This post, "Mostly soapy Thursday", originally appeared on The Comics Curmudgeon, which is the best blog on the Internet.

Ads by Project Wonderful! Your ad could be here, right now.

more reviews

Friday, October 31st, 2014 12:14 am
owlboy: (Default)
[personal profile] owlboy

Digital Fix

Thoughts and wild theory about Dr Who season 8

Thursday, October 30th, 2014 12:53 pm

Yes, I've barely been around lately

Thursday, October 30th, 2014 08:28 am
giandujakiss: (festivids)
[personal profile] giandujakiss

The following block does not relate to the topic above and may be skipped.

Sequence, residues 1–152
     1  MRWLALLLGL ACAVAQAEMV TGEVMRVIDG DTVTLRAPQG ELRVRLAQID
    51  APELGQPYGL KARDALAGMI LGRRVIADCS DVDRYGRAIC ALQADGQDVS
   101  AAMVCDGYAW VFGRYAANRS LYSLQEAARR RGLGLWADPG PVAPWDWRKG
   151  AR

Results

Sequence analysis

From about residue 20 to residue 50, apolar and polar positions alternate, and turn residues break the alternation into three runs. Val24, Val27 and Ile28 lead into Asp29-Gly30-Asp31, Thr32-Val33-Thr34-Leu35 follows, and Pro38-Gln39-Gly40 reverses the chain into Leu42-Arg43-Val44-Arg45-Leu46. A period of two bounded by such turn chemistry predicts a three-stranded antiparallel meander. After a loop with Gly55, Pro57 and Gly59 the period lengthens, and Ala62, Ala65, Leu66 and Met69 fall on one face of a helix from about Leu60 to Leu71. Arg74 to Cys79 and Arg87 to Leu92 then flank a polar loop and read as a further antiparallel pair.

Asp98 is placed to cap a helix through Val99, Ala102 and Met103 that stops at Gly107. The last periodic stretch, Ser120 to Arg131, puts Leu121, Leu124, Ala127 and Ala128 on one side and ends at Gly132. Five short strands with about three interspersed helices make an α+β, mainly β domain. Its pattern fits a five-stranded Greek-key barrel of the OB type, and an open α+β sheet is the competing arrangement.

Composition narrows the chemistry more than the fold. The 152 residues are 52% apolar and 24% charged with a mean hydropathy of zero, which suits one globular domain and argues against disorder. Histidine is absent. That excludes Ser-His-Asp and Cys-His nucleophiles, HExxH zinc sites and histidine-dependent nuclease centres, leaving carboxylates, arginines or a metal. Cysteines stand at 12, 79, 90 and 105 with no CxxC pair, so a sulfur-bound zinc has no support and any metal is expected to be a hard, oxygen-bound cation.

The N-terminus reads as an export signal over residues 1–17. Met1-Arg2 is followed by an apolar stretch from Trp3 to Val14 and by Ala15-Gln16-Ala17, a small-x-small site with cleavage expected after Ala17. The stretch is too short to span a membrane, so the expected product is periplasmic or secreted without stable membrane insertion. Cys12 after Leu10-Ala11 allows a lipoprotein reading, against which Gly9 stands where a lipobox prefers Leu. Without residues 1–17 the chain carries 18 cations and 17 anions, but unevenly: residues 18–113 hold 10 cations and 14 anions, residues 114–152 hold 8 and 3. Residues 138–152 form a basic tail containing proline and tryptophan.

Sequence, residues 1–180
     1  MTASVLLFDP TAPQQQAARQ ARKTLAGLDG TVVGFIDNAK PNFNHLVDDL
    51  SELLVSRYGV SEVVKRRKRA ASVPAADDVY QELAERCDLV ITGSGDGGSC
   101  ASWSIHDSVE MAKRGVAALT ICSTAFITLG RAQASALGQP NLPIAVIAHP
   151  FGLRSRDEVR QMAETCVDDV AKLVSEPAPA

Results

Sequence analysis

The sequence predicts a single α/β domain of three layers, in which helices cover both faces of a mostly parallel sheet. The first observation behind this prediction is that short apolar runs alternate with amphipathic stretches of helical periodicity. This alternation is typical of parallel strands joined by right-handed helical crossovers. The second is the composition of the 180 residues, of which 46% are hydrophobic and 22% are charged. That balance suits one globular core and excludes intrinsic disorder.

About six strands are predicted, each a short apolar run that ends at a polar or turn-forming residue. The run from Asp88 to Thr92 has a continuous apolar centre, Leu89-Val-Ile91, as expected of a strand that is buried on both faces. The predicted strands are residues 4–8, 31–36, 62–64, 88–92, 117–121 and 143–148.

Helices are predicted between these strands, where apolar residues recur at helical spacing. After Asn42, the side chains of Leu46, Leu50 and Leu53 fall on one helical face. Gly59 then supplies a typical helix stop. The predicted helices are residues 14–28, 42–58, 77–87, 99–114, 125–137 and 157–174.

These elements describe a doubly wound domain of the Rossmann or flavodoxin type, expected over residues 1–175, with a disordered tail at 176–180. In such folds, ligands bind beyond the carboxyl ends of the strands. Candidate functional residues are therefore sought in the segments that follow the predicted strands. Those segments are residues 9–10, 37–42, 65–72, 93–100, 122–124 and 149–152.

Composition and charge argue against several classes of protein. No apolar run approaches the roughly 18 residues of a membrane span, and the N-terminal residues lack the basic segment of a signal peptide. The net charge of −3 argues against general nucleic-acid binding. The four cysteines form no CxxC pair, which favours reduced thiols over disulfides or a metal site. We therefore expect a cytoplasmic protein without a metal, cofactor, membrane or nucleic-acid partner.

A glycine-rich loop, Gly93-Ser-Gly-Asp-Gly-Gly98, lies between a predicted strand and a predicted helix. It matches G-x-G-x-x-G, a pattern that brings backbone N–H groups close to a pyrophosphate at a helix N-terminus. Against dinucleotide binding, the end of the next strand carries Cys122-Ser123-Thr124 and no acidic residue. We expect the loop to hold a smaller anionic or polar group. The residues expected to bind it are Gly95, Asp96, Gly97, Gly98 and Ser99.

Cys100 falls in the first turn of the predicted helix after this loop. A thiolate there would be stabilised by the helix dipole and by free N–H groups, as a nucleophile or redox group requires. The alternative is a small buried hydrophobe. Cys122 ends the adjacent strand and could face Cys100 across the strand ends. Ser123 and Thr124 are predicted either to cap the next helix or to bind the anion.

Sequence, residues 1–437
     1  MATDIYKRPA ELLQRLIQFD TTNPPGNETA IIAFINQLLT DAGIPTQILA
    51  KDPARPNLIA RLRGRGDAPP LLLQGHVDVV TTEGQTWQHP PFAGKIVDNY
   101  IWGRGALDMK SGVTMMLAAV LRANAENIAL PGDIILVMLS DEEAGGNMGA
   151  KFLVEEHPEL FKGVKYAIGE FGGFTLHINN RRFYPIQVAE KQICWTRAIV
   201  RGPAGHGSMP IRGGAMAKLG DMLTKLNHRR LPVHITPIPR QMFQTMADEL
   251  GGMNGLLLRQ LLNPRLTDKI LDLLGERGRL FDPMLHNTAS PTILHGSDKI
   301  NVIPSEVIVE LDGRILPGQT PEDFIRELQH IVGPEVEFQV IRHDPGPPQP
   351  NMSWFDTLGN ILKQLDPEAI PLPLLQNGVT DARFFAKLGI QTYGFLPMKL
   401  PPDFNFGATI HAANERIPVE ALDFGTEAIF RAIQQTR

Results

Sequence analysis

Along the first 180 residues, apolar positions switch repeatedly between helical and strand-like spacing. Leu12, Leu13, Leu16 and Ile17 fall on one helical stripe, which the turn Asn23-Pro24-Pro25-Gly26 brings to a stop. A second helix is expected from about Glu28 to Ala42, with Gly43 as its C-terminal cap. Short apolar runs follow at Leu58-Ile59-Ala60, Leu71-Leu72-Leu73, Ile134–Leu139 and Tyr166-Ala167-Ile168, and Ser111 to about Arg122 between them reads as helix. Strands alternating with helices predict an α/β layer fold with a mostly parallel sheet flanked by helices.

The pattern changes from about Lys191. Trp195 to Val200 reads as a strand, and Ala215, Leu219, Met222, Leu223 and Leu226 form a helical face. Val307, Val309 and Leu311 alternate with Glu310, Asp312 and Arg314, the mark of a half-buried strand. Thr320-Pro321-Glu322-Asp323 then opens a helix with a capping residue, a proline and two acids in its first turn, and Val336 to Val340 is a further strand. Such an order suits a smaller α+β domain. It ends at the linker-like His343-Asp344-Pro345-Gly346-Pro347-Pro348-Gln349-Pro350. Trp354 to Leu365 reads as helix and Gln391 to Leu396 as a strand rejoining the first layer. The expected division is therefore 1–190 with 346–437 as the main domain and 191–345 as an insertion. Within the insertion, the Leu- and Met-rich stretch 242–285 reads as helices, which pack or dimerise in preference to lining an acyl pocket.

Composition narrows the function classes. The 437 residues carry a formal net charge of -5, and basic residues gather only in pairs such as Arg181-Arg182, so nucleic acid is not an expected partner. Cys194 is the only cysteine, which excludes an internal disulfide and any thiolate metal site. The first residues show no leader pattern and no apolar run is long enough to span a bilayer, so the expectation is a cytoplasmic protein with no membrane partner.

Real life's been so busy that I haven't even been able to check FList/DWircle, and I keep thinking it's almost at an end, and then more stuff gets piled on ... so, right now ETA for sanity is December. December's looking good.

That said, Festivids assignments will be going out soon, and - yay! Even though [personal profile] odessie has (thank God) taken on the bulk of the responsibilities, I'm still monitoring things and to be honest, assignment distribution is, like, the best time of year for me. So - woo!

And hopefully I'll be back ... some day.

About This Blog

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Hello! I'm Jennie (known to many as SB, due to my handle, or The Yorksher Gob because of my old blog's name). This blog is my public face; click here for a list of all the other places you can find me on t'interwebs.